Just Foods was a source for many of these events. They are holding 'Food for All: Join Food Action Planning Conversations.' Also check out their page on Community / Allotment Gardens for those of you who need more space. They also have a newsletter with interesting events about food, farms and gardening. This is where you can find the Buy Local guide.
Last updated: May 17, 2010
Tree Nuts is about promoting nut growing in Canada. I just stumbled across it and it seems to contain lots of interesting information relevant to the area.
Ottawa Horticultural Society Calendar
Green Ottawa Directory
Ecology Ottawa resources
Just Food Ottawa
Know someone who suffers from Food Insecurity? Dial 211 for information on local Food Banks and other programs.
Monday, March 8, 2010
For those of you that can't share in the fun of seedy days - really Daphne? Maybe you can start one - here's my take on the Eco Farm Day Bug Talk concentrating on tips for urban 'farmers.'
Ladybug larva on beans
When dealing with a pest bug, it is important not to just think of its favourite food plant but the whole garden. Simon Lachance from the Agricultural College of Alfred, a satellite of Guelph University spoke on how to manage the environment to control pests in a field setting but his recommendations are useful for the urban garden. In fact, we have one advantage over larger farms and that is diverse plantings – and you thought that you were at a disadvantage having to stuff all those plants into such a small space. Though Dr. Lachance was loath to make any grand proclamations, he did show a slide that showed how pest problems decreased with increasingly diverse and permanent plantings – think managed forest. As you moved toward more temporary plantings, such as rows and rows of the same annual vegetable, the opposite occurred.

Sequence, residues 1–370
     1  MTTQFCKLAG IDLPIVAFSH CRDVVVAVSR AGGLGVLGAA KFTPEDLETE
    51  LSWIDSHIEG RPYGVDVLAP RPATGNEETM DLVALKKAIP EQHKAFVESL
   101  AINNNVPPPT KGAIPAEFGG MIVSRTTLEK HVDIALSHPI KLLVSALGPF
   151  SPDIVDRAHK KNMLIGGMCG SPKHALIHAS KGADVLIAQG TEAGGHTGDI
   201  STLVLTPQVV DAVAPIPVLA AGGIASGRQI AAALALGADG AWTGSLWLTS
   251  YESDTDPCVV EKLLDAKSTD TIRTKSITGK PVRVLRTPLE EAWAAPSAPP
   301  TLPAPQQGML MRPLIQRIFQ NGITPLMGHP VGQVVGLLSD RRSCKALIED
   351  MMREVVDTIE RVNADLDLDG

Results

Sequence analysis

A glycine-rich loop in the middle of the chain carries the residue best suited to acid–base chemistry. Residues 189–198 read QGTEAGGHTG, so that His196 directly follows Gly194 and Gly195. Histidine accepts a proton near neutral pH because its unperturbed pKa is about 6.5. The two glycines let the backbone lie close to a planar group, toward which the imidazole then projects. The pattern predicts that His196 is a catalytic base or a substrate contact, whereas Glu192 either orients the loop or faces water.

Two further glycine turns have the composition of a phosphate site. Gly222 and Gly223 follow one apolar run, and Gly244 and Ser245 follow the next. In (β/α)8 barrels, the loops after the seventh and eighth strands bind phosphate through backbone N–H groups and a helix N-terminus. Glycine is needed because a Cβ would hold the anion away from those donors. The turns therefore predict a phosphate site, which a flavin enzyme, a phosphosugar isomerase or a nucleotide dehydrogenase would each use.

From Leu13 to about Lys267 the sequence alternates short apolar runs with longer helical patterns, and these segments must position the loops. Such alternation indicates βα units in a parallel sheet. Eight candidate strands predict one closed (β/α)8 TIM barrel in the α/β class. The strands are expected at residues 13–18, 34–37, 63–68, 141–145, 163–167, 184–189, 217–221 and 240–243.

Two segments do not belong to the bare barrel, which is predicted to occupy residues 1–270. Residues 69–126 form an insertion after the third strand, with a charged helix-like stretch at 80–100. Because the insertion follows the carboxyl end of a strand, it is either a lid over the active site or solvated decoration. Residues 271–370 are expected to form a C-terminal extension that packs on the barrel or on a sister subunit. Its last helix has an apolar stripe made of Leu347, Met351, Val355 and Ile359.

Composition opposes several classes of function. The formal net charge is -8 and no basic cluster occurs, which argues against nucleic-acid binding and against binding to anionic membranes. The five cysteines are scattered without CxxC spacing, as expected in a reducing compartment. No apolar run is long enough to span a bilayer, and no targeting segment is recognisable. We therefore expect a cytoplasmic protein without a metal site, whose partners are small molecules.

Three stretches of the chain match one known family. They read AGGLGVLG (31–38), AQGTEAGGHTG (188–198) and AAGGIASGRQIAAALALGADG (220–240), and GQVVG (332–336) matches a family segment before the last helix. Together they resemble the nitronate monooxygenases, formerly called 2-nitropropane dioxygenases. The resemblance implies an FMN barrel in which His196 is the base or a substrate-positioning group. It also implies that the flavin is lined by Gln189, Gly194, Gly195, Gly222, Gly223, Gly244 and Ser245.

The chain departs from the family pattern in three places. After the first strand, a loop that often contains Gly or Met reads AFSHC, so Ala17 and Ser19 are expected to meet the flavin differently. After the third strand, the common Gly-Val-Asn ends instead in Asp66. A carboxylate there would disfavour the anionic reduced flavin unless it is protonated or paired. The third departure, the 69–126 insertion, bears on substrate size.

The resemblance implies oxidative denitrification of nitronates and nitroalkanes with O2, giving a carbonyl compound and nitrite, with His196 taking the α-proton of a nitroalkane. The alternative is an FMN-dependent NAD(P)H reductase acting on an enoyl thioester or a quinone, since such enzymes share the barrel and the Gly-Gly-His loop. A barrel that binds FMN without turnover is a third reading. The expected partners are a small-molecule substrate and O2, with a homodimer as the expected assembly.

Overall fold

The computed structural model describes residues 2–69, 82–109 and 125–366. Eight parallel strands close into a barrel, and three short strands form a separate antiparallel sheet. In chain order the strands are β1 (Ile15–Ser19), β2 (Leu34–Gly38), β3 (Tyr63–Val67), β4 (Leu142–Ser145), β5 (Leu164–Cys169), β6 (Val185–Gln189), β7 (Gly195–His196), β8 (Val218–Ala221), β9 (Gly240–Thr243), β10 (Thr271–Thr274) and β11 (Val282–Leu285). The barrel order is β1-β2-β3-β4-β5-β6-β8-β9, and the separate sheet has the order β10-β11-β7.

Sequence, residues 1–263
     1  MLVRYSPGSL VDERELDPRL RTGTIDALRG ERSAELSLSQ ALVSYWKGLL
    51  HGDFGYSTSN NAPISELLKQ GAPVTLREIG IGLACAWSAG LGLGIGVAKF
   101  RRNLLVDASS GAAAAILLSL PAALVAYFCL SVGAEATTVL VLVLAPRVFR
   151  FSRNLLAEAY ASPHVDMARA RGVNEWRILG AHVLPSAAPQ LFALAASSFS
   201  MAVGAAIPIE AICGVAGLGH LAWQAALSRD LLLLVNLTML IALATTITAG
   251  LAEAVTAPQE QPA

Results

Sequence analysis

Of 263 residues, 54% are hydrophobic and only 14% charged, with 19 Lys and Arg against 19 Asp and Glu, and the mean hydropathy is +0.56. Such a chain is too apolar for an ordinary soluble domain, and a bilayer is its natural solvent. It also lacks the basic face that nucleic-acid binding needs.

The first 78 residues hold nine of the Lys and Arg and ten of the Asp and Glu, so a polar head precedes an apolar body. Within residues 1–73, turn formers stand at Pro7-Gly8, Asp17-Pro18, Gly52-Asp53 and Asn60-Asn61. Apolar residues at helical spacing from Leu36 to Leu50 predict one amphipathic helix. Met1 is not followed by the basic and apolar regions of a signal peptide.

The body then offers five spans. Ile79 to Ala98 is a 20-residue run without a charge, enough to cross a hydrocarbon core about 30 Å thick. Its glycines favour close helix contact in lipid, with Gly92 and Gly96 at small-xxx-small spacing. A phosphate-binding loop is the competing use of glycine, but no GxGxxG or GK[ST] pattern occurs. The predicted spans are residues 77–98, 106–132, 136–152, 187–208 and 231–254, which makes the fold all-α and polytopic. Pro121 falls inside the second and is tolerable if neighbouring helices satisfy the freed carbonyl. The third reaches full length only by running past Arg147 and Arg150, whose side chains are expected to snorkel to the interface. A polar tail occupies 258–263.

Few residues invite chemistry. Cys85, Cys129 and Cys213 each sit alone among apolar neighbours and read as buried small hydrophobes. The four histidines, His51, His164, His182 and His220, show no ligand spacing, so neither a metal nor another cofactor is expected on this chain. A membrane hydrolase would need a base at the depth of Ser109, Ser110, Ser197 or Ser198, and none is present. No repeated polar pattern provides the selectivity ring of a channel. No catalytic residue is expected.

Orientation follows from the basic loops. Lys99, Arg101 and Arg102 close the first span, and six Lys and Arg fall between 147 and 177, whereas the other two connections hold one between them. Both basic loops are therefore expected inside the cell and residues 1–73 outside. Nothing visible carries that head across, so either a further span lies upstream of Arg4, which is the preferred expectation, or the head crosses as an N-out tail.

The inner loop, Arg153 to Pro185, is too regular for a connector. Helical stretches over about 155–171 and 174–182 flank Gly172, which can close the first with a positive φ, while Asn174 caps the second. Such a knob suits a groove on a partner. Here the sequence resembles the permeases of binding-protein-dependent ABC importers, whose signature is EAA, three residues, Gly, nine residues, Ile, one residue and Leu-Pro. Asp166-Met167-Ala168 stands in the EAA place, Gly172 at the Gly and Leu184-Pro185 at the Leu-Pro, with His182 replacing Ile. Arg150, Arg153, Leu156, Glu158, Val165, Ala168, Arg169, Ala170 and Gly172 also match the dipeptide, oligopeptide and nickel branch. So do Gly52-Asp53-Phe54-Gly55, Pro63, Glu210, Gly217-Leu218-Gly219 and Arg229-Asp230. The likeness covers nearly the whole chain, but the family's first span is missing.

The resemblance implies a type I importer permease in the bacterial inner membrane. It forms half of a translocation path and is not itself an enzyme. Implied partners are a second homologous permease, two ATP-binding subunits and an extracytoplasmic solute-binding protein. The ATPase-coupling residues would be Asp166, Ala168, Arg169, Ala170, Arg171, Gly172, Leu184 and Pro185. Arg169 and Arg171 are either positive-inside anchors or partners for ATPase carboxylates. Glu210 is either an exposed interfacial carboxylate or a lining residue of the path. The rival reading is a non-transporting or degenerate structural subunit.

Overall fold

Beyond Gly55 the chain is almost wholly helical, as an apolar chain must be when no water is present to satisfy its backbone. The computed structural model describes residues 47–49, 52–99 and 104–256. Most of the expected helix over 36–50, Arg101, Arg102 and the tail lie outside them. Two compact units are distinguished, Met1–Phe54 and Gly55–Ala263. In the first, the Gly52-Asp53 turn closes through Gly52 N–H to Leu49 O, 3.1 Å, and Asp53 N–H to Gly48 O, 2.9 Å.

Let’s take the words permanent and diverse and explore what might be happening:
Diversity is quite the buzz word, almost shorthand for a healthy habitat. Numerous creatures of every stripe form a complex web of interactions – they are eating and being eaten, helping and harming. Each plant could not exist alone and does not. The little green worm that lops around your cabbage leaf is innocent of any malevolent intent though it might aggravate the urban gardener and farmer alike, the parasitoid that injects its egg into the soft flesh appreciates its existence as do the ants that drag off its dead carcass and ultimately the next plant that grows there. The trick is not to get rid of the pests but to lower their prevalence along with the damage they cause by not making it too easy for them.